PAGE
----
Denaby Boy’s Death After Pit Accident

June 1941

Mexborough & Swinton Times  June 7

Heart Injured

Denaby Boy’s Death After Pit Accident

The death of a 14 years old Denaby boy two weeks after he had been injured by a fall in Cadeby Main Colliery, was described to the Doncaster District Coroner (Mr. W. H. Carlile), who recorded a verdict of “Accidental Death”, on William Davies, of 24, Loversall Street, Denaby, a haulage engine driver, at an inquest on Tuesday.

Messrs. D. Cowburn and J. Bryars represented the Colliery Company, and Mr. J. Madin represented the Cadeby Main branch of the Yorkshire Mineworkers Association, and Mr. H. Storey, H.M. Inspector of Mines attended.

John Davies, of 24, Loversall Street, Denaby, a collier, father, said on May 15th they were both working on the afternoon shift and his son was in good health.  The boy was driving a haulage engine about 25 yards from the coal face where witness was working.  Witness examined the place, and everything was in order.  About 7 p.m. when witness went towards the engine he heard his son shout “Oh, dad”.  Then he was buried by a fall.  Witness cleared his son’s head and then released him, with assistance.  The lad was in a crouching position with his knees under the engine and his neck was pressed against a feed pipe.  He was unconscious when released and was bruised on the back, arm and ribs.  He was removed from the pit and taken to Dr. Clarke’s surgery at Denaby, and the doctor examined him in the ambulance.  His son expressed the desire to go home rather than to hospital.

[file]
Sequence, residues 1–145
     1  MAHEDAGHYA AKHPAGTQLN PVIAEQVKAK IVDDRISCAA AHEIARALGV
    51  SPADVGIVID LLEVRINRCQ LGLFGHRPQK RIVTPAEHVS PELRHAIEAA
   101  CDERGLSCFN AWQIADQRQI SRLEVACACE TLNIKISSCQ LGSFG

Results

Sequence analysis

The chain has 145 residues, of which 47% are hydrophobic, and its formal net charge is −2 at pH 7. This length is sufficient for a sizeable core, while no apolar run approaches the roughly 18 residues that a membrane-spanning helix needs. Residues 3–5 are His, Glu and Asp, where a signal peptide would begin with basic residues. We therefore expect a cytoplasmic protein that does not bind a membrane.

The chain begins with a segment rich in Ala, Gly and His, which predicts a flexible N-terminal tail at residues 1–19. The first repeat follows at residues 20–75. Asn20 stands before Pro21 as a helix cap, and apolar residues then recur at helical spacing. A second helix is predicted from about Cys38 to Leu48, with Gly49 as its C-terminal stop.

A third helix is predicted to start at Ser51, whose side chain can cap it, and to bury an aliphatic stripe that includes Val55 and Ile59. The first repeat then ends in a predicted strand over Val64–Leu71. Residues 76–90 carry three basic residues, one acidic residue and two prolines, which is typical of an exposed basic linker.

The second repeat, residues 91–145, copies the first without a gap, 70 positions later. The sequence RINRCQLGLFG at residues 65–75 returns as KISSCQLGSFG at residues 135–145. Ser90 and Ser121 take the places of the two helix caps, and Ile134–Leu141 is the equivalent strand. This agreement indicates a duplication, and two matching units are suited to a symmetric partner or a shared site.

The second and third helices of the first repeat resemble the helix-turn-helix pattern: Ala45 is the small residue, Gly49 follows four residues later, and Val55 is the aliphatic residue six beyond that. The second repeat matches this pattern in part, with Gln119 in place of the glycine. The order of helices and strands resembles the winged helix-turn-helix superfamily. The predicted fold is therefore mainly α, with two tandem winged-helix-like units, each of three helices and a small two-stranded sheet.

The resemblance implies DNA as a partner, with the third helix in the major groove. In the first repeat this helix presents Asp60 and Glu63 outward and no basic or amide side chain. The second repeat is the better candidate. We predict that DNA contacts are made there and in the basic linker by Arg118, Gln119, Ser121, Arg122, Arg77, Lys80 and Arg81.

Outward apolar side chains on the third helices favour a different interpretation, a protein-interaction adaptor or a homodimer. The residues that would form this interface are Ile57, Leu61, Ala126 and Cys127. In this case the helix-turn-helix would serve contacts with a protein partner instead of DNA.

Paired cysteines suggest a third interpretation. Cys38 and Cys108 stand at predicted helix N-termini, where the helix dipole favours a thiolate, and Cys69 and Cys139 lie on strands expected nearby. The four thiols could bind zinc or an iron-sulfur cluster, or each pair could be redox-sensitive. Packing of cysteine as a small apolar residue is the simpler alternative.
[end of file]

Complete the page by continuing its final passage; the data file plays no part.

The Coroner:  How long had he been working there?

Witness:  Five weeks.

The lad stayed in bed and was seen by a compensation doctor, who thought he was progressing favourably except for shock.  Witness took him to the compensation doctor about 300 yards away, and helped him to walk there.

Coroner:  Did you feel he would be able to go down there?

Witness:  He was all right going there, but I had difficulty in getting him home.

Witness added, that his son had complained of pains in his stomach while at home.

Coroner:  Don’t you think it was rather foolish to let him walk down after he had been ill?

Witness:  I should not have let him go if he had not said he was well enough.

Witness said the boy improved until Thursday afternoon.  On Thursday night he was in intense pain.  Dr. Clarke saw him again on Friday morning.

Reginald William Barker, of 70, Ravenfield Street, Denaby, deputy on the shift in question, said he had visited the place where Davies was working at about 4 p.m., and found everything was satisfactory.  Examining the place after the accident he found the side had rolled over behind the engine.  The fall was about a yard long and high and about a foot thick.   Witness could find nothing to account for the fall although it might have been caused by a “bump”.

Mr. Madin suggested that the places where boys worked with their backs to the side should be boxed off, and witness said perhaps that would improve things.

Doctor’s Evidence